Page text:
But when choosing the surgeon, there are far more aspects to consider than professional qualifications and experience. This also includes the question of which materials are used in cosmetic surgery. A responsible doctor, for whom the health of his patients has absolute priority, will only work with high-quality and certified materials that offer the greatest possible safety. The scandal surrounding inferior silicone implants has shown the fatal consequences that can arise from this. Although these incidents are a thing of the past, doctors still have a responsibility to ensure the high quality of the materials.

Cosmetic surgery is a matter of trust

The personal aspect should also not be neglected in a planned cosmetic operation. After all, you first want to get an impression of the person to whom you entrust your body. A first preliminary talk with your surgeon gives you the opportunity to get a personal impression of the situation. A reputable cosmetic surgeon takes a lot of time for this conversation. Ideally, you have a surgeon in front of you who has both technical and human competence and whom you trust.

Interest in personal motives and expectations

Precisely because cosmetic surgery is usually a matter of interventions that are not medically necessary, it is part of the professional ethics of a cosmetic surgeon to check the motives for the operation before performing an operation. Aesthetic surgery undoubtedly has its right to exist - even if there is no medical need for an intervention. It is not uncommon for aesthetic defects to lead to psychological problems and restrictions in everyday life, which can be remedied by cosmetic surgery. For this reason alone, the surgeon will always take the patient seriously with his problem. If the reasons given by the patient can be understood by the surgeon, he will also inquire about the wishes and expectations that the patient associates with the procedure. Not infrequently, those willing to operate have unrealistic expectations of the desired correction - here it is up to the doctor to inform the patient about it. A responsible doctor will not make disproportionate surgical changes just because the patient so wishes. Nor will he arouse exaggerated expectations himself. He will always try to achieve the most natural result possible. Of course, the surgeon should also inquire about your history and any previous illnesses. Only in this way can he determine whether there is anything medically against the procedure.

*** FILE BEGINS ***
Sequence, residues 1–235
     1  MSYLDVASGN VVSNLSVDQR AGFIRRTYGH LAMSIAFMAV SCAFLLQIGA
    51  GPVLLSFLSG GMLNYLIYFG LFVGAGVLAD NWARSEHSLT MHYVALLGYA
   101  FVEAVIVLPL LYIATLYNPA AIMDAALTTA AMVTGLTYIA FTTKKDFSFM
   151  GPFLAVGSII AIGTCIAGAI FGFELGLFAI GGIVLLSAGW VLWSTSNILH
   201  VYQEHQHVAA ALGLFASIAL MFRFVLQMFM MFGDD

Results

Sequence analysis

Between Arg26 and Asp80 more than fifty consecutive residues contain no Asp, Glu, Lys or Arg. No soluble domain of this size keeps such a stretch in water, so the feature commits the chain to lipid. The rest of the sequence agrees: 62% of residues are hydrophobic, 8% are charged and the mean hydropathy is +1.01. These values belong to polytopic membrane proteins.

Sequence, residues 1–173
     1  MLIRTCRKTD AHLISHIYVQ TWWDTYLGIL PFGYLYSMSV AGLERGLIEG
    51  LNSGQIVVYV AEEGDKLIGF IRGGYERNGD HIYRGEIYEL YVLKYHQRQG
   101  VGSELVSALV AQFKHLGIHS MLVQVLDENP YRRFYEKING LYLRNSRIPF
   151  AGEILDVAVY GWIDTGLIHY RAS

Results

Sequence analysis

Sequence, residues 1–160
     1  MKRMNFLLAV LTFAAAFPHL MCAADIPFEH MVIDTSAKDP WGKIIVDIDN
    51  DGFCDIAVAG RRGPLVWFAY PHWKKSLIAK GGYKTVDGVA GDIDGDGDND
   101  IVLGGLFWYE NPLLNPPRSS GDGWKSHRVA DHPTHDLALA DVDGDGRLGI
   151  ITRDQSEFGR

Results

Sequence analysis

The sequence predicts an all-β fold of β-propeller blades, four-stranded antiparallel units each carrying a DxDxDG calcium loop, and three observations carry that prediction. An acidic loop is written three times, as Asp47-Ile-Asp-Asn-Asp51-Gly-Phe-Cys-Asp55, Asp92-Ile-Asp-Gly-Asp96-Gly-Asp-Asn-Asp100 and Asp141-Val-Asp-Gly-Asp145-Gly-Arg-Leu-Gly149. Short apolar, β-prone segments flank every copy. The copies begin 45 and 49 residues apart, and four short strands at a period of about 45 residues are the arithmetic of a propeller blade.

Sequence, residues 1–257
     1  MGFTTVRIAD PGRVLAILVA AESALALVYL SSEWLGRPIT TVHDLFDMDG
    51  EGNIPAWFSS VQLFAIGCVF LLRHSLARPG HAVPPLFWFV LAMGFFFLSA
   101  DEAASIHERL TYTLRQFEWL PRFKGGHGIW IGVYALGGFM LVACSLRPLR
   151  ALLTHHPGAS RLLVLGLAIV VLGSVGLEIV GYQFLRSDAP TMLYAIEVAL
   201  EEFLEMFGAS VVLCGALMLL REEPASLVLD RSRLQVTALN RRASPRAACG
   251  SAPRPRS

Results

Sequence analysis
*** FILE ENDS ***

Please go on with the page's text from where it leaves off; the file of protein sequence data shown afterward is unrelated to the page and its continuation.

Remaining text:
Transparency and comprehensive information

Once these aspects have been clarified, the surgeon will explain the advantages and disadvantages of suitable treatment methods to you and explain any associated risks. The exact course of the procedure and the necessary aftercare should also be an issue. If possible, the doctor should be able to answer all questions in a form that the layperson can understand. This is the only way for the patient to weigh the benefits and risks against one another without bias and to make a self-determined decision. Be suspicious if a doctor directly or indirectly urges you to make a quick decision, for example by pointing out that there are only a few available appointments. Healthy suspicion is also appropriate if the surgeon suggests an intervention that goes beyond what you want. Only opt for an intervention if you trust the doctor and feel that you are in good hands.

Equipment of the practice clinic and assured follow-up care